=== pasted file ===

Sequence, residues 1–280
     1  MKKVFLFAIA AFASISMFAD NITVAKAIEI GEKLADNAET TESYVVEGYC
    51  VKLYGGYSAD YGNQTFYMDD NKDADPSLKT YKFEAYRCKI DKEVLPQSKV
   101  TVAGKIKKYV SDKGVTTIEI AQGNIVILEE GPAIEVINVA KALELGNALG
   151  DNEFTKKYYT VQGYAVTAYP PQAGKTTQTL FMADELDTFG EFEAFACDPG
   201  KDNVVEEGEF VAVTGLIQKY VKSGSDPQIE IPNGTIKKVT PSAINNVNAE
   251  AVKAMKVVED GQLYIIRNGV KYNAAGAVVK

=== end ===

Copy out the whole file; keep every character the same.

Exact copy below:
Sequence, residues 1–280
     1  MKKVFLFAIA AFASISMFAD NITVAKAIEI GEKLADNAET TESYVVEGYC
    51  VKLYGGYSAD YGNQTFYMDD NKDADPSLKT YKFEAYRCKI DKEVLPQSKV
   101  TVAGKIKKYV SDKGVTTIEI AQGNIVILEE GPAIEVINVA KALELGNALG
   151  DNEFTKKYYT VQGYAVTAYP PQAGKTTQTL FMADELDTFG EFEAFACDPG
   201  KDNVVEEGEF VAVTGLIQKY VKSGSDPQIE IPNGTIKKVT PSAINNVNAE
   251  AVKAMKVVED GQLYIIRNGV KYNAAGAVVK